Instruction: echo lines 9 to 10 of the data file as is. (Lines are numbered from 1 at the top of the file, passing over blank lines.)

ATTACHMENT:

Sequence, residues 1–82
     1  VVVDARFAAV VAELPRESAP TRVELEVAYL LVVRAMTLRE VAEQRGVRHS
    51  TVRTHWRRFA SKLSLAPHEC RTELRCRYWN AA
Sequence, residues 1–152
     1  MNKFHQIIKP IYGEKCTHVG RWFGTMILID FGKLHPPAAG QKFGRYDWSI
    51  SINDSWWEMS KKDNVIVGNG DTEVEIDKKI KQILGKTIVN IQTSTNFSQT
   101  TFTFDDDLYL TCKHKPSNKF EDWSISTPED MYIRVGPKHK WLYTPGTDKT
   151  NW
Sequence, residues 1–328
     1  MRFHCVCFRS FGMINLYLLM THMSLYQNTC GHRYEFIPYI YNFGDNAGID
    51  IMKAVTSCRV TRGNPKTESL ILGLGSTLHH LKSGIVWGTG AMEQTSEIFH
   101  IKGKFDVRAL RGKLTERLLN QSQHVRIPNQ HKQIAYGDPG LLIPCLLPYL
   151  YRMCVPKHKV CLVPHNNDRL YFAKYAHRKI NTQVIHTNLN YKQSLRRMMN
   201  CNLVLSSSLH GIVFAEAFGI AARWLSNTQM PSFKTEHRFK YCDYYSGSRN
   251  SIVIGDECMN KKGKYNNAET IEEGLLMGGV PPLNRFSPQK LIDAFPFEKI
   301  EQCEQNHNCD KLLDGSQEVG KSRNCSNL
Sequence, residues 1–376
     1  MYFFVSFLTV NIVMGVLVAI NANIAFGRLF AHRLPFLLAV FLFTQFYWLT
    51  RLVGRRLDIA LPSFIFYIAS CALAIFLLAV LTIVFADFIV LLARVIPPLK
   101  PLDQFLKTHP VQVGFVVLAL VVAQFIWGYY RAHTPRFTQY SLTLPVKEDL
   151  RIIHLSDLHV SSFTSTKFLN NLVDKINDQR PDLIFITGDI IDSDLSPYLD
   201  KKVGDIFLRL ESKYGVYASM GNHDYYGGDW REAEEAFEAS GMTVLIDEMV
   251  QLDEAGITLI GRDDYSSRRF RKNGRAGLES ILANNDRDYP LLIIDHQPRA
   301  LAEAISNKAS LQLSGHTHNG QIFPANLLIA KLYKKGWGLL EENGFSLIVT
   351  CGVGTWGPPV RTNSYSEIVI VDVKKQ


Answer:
Sequence, residues 1–328
     1  MRFHCVCFRS FGMINLYLLM THMSLYQNTC GHRYEFIPYI YNFGDNAGID